Minimize prepositional phrases. Question every 'of'. (Part 1)


by Joseph Kimble   |   Michigan Bar Journal


In the June column, I took aim at multiword prepositions like prior to and with regard to — two, three, even four words that function as a preposition but can almost always be replaced by a one-word preposition. I said that they “are among the most noxious and pervasive small-scale faults in legal writing.”

Now we go after their sibling, unnecessary prepositional phrases, which may be somewhat less noxious but are even more pervasive. They are, in my view, the prime cause of sentence-level verbosity in legal writing. And the prime offender is of-phrases — hence my advice to question every of. Naturally, not all prepositional phrases can be eliminated — perhaps most of them can’t be — but tight prose minimizes them.

Below are three specific techniques. (Some of the sentences, taken from federal decisions, have been modified without showing ellipses or brackets.) There are more ways than these three, but those others merit their own discussion. So up next will be a column on eliminating zombie nouns and using the active voice.

Of course, any technique can be overdone; writers must always consider sound and rhythm and idiom.


  • “Plaintiffs contend that the Court improperly ruled in favor of the City in the City’s favor based on the Court’s interpretation of the ZO because the City did not raise this issue in its motion for summary judgment.” [Note that the edit could have been “for the City,” converting a multiword preposition to a one-word preposition.]
  • Statements by the parties The parties’ statements do not control the Court’s analysis of the ZO.”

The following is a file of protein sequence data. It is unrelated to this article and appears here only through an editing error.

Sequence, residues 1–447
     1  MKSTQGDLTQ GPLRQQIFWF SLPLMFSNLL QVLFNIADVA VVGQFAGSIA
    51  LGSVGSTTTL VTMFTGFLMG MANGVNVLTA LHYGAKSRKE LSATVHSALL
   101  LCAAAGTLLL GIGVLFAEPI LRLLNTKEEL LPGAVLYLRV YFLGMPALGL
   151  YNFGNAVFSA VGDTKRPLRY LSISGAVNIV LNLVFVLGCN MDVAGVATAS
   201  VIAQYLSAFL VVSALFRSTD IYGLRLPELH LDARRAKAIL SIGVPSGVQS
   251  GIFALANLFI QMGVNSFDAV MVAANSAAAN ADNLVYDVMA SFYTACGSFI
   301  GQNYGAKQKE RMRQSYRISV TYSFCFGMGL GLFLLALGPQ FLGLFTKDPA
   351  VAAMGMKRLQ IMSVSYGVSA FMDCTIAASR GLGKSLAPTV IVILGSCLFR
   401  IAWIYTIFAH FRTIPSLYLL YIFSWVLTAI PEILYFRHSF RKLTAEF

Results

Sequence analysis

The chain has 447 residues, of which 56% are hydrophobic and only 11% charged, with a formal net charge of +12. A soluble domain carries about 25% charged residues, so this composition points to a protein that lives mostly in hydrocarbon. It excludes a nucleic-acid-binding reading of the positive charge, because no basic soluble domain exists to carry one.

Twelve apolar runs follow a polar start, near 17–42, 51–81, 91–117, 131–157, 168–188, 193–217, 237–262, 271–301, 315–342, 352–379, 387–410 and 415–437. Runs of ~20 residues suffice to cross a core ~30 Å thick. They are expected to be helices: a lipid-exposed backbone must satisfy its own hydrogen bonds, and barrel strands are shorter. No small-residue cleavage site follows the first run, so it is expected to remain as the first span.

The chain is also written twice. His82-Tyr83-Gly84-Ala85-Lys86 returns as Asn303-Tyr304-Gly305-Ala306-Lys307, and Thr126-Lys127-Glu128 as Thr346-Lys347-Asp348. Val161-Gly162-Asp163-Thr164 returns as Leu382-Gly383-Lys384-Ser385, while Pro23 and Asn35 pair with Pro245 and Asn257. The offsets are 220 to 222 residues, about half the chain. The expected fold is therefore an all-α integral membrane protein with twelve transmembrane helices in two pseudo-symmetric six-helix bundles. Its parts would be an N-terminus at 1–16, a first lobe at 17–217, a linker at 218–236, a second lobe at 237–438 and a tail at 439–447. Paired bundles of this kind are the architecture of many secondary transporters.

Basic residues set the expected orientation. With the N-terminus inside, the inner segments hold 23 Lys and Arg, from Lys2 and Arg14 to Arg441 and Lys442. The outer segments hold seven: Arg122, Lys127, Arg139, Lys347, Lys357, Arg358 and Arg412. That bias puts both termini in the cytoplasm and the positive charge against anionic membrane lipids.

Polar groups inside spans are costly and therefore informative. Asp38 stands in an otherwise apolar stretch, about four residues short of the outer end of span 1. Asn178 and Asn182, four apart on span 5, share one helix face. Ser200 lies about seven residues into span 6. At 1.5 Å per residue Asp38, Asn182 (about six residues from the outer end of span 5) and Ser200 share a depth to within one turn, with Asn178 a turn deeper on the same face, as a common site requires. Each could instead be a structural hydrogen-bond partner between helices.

• “Judge Price emphasized the improper purpose of the lawsuit lawsuit’s improper purpose, which was ‘to spread the narrative that our election processes are rigged and our democratic institutions cannot be trusted.’” [The edit also puts which next to what it modifies.]
  • “Defendant emphasizes that, in the five years she has been incarcerated, she has obtained her GED; graduated from a 9-month, 12-step, drug-abuse program; and gone on to become one of the leaders of the program program’s leaders.”
  • “As a whole, the Court finds the testimony of James James’s testimony more believable than that of Berry Berry’s.”


  • “It is recommended that plaintiff’s complaint be dismissed for failure to comply with an order of the Court a Court order pursuant to [under] Fed. R. Civ. P. 41(b).” [Better: “be dismissed under Fed. R. Civ. P. 41(b) for failure to comply with a Court order.”]
  • “Defendant Wheeler filed objections to the report and recommendation that the claim of due process due-process claim be denied.”
  • “No statute, regulation, or rule of common law common-law rule imposes a duty upon [on] a carrier to know the identity of its passengers.” [Changing to “its passengers’ identities” — back-to-back possessive forms — might be a little clumsy.]
  • “The defendant appealed, arguing that his conviction of robbery robbery conviction, for which he was not indicted, was unconstitutional.”
  • “However, [But] there was no transfer of title of the Subaru the Subaru title or any other written documentation regarding [on] the sale of the vehicle [the vehicle’s sale].”


  • “The Court of Appeals mandated that the sentencing court be satisfied of the existence of a legitimate basis for the arrest.” [Or “that the arrest had a legitimate basis.”]
  • “The Court finds Martinez to be persuasive in the context of the present case [this case]. All the plaintiffs in this case were either [either were] targeted with impact munitions or chemical agents or were arrested under a challenged curfew order.”
  • “In interpreting the terms of a trust, a settlor’s intent is determined by considering the language used in the trust, reading all the [its] provisions of the trust together.”
  • “The circumstances surrounding the two disclosures differ significantly in nature.”
  • “The Court directed Defendants to produce these documents by July 1, 2022. To the extent [that] Defendants have not yet fully complied with their duty to produce documents, Plaintiff’s motion is premature.”

This article originally appeared in Judicature, Vol. 107, No. 1 (2023)


“Plain Language,” edited by Joseph Kimble, has been a regular feature of the Michigan Bar Journal for 37 years. To contribute an article, contact Prof. Kimble at WMU–Cooley Law School, 300 S. Capitol Ave., Lansing, MI 48933, or at For an index of past columns, visit